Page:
Edith Wharton

January 24, 1862:
American author and poet Edith Wharton (1862–1937) was born.

Here’s the needlework connection to this date:

In the PieceWork September/October 2014 issue, Mimi Seyferth’s article, “A Twist of Crimson Silk: Knitting in Edith Wharton’s ‘Roman Fever,’” focuses on Wharton’s use of “knitting imagery to illustrate character development.” The short story, set in the 1920s and published in 1934, centers on two middle-aged widows from New York City who reunite in Rome and reminisce about their previous visit twenty-¬five years earlier. Seyferth explains, “Although a knitter herself, Wharton appears to have considered knitting inferior to other, more intellectual pursuits. She had been taught to knit as a child by her German governess, and she knitted—and appreciated handknitted articles—throughout her life. Wharton’s diary and letters to her friends contain references to her own knitting, and a letter between two of Wharton’s friends humorously describes Wharton as an easily frustrated needleworker ‘knitting & knotting & unravelling & reknitting what is understood to be a comforter for a wounded soldier’ in World War I (1914–1918).” Yet Seyferth points out that, “Whatever Wharton’s personal feelings about knitting, only someone knowledgeable about knitting could have devised the effective knitting imagery employed in ‘Roman Fever.’”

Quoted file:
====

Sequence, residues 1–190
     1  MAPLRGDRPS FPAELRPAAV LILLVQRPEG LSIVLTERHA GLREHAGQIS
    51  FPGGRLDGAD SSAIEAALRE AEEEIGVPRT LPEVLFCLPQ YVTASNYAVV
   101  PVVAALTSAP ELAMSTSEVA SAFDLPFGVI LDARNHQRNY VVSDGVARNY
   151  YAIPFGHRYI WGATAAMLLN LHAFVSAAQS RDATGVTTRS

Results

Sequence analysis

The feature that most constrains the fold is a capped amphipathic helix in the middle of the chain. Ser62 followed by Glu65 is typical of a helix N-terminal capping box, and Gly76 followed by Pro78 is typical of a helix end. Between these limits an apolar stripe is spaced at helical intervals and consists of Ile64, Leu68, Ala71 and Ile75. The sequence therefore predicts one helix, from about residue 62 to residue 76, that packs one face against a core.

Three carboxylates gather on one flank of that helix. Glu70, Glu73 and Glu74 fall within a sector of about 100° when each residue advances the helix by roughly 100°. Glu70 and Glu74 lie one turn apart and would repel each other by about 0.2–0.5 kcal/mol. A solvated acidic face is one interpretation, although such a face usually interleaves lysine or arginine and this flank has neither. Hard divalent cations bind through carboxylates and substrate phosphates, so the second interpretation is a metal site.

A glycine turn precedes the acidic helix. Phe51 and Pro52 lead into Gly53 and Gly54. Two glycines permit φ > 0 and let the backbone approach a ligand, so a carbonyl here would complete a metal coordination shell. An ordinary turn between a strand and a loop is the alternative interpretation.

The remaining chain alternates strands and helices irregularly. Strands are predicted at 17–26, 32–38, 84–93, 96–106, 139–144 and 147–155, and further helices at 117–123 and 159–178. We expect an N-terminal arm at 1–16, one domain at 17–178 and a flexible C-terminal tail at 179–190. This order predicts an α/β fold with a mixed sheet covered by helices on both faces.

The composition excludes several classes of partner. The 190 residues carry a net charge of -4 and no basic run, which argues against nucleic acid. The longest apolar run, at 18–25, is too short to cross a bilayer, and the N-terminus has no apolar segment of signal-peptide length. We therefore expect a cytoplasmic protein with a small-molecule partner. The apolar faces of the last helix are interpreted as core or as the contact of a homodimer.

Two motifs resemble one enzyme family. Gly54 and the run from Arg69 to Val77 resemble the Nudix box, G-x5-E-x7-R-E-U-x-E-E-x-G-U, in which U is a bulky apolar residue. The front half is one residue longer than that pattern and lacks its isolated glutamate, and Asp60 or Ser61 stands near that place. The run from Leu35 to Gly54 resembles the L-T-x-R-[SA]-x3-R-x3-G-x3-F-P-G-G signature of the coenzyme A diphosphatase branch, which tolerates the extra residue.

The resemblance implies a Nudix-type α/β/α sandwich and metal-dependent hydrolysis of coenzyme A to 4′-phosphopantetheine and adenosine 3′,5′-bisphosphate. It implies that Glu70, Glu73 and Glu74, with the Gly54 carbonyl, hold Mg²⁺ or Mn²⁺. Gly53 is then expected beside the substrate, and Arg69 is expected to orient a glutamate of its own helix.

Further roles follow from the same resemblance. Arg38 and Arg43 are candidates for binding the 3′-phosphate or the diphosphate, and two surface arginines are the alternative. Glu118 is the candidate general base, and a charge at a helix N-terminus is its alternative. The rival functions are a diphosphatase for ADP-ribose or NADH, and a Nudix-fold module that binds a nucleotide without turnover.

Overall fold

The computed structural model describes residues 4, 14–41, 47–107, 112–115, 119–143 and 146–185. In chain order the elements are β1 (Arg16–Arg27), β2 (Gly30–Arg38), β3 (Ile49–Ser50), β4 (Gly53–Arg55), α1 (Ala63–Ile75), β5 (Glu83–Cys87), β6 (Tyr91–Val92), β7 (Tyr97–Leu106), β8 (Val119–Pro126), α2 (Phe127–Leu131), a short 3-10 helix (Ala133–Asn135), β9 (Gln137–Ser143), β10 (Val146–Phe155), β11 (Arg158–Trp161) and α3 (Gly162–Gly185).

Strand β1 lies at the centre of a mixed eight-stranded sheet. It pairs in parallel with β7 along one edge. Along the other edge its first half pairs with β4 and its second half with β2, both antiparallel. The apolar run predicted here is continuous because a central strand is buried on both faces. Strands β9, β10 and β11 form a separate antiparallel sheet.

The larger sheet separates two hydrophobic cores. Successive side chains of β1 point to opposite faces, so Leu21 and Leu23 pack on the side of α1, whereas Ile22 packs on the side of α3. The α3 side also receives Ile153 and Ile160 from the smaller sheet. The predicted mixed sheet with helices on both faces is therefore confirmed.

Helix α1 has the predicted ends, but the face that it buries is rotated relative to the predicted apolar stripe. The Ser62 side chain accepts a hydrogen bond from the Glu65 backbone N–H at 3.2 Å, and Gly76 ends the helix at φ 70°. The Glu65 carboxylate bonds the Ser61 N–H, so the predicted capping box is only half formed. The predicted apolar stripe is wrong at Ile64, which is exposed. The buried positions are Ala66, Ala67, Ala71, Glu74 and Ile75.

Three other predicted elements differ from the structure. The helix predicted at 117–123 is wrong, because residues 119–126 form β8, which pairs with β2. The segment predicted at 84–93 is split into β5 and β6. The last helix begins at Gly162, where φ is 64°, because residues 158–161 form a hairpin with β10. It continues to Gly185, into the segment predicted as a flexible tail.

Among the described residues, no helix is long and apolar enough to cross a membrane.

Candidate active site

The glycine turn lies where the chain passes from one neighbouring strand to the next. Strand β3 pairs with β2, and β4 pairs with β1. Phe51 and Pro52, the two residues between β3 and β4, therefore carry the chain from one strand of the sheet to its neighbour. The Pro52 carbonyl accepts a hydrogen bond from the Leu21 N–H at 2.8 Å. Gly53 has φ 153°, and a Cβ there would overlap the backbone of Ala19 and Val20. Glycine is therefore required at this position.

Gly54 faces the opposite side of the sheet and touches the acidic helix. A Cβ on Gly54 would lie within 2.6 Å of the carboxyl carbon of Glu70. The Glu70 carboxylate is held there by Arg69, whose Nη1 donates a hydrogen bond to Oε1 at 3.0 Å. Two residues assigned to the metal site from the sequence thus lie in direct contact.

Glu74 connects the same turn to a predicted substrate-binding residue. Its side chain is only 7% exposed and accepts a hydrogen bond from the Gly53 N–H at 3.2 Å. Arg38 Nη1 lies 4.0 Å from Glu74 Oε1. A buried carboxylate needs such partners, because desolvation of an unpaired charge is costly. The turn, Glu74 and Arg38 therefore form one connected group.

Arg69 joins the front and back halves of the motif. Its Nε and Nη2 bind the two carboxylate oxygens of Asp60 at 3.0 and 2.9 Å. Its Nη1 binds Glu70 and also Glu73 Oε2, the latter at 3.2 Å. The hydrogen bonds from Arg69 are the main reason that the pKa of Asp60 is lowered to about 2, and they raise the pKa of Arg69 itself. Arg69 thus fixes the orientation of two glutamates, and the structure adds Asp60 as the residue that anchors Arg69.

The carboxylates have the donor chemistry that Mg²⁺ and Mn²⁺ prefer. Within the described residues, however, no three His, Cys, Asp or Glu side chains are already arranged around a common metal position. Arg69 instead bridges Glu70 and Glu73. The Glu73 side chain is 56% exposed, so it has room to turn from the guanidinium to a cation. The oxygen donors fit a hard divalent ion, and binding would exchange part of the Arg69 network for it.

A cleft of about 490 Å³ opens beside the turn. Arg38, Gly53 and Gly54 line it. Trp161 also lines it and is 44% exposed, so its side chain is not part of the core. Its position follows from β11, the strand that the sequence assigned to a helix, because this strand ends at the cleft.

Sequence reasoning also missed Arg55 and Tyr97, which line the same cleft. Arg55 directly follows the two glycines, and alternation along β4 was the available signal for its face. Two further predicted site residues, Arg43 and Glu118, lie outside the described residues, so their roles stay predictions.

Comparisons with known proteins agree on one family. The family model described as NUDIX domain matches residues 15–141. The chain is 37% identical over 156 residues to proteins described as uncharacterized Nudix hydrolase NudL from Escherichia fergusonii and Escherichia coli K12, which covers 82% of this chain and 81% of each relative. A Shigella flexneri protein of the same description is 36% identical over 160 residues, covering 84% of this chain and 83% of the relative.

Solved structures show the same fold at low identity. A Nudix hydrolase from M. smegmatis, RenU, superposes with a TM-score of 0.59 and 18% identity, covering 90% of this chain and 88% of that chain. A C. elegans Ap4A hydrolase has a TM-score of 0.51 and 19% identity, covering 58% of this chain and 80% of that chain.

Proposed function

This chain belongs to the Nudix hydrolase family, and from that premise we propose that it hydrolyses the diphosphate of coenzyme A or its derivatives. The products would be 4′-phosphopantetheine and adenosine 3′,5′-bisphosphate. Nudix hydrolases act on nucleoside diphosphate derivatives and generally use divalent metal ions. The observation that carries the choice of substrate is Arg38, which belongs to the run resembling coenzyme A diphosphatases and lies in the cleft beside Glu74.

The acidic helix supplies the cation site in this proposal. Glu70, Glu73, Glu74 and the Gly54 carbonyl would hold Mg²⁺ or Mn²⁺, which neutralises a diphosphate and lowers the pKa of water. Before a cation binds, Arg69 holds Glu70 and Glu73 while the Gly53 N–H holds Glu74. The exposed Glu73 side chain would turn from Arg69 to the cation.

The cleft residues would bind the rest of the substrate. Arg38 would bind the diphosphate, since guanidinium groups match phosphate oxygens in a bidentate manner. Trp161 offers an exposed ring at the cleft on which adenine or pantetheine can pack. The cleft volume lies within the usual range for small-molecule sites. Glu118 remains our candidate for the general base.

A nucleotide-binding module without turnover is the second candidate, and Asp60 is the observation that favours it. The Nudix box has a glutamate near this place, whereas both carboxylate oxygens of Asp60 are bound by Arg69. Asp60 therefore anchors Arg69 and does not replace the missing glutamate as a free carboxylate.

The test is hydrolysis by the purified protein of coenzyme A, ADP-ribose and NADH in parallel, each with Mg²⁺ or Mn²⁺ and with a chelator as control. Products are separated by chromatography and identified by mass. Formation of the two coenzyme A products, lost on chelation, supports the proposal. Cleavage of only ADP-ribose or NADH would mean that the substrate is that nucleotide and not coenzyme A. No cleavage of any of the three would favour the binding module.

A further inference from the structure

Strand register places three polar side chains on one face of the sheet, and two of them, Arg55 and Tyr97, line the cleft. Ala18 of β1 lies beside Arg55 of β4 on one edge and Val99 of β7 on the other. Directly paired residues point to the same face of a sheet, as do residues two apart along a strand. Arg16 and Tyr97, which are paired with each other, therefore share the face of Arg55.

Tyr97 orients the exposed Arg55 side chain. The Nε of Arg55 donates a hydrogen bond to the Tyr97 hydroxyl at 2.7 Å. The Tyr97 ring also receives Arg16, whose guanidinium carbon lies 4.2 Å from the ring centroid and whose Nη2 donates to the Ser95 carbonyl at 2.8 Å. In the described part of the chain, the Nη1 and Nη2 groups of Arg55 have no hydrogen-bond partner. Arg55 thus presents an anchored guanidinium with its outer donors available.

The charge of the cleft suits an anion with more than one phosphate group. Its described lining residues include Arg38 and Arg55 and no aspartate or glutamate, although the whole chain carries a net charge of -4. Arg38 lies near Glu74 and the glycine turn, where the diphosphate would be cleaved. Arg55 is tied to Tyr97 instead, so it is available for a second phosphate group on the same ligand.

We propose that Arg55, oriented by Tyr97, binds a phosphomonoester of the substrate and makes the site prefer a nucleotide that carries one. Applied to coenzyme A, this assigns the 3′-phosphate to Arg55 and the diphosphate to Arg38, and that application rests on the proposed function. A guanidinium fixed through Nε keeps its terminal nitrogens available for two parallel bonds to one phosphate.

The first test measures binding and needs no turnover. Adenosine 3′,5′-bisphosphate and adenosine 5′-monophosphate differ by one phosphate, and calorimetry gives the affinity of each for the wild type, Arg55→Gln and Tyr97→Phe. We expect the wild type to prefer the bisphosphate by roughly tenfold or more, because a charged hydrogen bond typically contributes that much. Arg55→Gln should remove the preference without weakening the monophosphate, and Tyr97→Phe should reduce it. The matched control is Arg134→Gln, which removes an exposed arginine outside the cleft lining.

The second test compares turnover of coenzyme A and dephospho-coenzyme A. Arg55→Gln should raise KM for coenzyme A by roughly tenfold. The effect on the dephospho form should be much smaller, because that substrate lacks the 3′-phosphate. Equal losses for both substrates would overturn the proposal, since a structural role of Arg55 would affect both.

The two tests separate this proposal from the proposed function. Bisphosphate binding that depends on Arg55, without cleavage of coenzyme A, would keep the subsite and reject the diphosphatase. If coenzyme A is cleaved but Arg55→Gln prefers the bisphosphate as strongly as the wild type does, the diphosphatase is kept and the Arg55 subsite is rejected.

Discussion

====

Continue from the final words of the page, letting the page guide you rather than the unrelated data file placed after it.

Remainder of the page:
Mimi Seyferth’s stunning scarf inspired by the twist of crimson silk

Left: Mimi Seyferth’s stunning scarf inspired by the “twist of crimson silk” that Grace Ansley is knitting in Edith Wharton’s short story “Roman Fever,” originally published in 1934. Hat and gloves courtesy of the Loveland Museum/Gallery, Loveland, Colorado. Right: Rows of knitted arches create the exquisite border of A Scarf from a Twist of Crimson Silk to Knit. Photos by Joe Coca.

Inspired by a scarf knit by Grace Ansley, one of Wharton’s characters in “Roman Fever,” Seyferth designed the stunning A Scarf from a Twist of Crimson Silk to Knit. Literature and needlework—two of our favorite subjects—are celebrated annually in PieceWork.

—Elizabeth


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